This study is the first to analyze economic time series of one of the world’s most preeminent traditional events, the most popular beer festival, and the largest regular fair in the world: Munich Oktoberfest. Since people from around the world attend this cultural festival as of the first decades of the 20th century, it represents a unique opportunity to analyze elasticities of consumption both in the short and medium run (i.e. at business cycle frequencies) and in the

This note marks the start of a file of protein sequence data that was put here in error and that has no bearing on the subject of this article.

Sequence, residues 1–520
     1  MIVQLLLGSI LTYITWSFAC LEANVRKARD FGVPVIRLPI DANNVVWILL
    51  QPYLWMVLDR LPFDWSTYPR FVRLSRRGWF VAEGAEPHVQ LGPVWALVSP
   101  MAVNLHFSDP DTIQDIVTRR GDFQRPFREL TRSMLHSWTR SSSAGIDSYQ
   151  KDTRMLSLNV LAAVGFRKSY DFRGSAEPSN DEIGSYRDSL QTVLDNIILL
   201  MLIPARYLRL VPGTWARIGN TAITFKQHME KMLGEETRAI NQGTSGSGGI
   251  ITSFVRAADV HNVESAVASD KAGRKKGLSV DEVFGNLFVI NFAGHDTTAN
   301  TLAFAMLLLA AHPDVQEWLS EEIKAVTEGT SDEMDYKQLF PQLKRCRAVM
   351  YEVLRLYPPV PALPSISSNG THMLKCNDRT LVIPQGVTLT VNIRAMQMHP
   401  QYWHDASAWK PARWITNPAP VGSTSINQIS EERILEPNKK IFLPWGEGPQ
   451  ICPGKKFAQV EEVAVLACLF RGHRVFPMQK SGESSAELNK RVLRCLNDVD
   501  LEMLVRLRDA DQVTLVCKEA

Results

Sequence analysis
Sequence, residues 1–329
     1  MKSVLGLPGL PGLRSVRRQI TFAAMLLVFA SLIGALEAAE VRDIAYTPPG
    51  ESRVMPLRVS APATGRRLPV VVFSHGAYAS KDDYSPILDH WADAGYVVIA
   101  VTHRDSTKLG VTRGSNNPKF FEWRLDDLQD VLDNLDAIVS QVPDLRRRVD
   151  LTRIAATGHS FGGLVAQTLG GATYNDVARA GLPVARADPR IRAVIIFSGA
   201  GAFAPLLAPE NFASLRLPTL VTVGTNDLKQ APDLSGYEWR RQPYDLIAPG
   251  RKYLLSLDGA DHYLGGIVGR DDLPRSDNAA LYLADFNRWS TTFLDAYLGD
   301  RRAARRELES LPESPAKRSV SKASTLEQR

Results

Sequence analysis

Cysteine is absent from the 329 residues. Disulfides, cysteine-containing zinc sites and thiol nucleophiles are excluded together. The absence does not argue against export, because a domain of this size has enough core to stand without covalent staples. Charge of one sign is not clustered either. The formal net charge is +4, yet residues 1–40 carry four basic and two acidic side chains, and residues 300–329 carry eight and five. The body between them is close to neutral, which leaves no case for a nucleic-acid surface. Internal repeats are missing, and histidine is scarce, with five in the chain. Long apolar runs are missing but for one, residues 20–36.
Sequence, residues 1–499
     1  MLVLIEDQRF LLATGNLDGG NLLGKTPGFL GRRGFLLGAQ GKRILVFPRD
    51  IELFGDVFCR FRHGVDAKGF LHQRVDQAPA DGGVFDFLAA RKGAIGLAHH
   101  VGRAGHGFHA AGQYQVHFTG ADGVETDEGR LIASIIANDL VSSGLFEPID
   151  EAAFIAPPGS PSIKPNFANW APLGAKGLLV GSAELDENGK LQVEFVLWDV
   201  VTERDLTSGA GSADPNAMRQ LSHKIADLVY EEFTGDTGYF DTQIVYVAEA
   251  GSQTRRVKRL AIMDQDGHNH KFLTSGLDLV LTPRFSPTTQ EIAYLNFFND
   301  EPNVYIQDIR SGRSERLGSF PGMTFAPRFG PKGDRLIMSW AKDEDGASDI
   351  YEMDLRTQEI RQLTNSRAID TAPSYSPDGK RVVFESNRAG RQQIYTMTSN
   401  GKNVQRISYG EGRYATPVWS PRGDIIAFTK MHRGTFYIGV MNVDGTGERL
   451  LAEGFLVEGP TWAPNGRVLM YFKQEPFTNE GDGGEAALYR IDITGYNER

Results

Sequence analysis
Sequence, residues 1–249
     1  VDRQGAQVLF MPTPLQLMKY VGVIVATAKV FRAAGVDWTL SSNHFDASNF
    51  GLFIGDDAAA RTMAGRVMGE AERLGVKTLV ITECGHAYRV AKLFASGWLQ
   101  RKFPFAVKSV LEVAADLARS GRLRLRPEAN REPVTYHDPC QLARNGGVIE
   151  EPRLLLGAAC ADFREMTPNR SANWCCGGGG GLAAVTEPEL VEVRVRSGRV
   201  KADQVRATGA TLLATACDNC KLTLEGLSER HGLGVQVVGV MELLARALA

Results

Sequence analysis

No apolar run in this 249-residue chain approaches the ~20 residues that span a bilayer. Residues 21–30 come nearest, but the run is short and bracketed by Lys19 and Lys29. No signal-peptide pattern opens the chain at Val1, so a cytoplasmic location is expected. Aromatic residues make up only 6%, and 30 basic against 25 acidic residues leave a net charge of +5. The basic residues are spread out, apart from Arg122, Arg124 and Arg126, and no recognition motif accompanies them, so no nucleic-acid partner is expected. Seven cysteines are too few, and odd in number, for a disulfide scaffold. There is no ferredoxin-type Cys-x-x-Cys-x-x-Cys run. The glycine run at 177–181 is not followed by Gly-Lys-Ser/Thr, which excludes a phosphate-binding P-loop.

long-run. Against the backdrop of two secularly increasing demand factors –a rise in real disposable incomes and an increased amount of leisure– we use a novel data set to study elasticities of the consumption of beer and food and the revenues of breweries. To account for asymmetries we apply partial sum decompositions in an autoregressive distributed lag (ARDL) model to estimate elasticities for state, national, European and world GDP.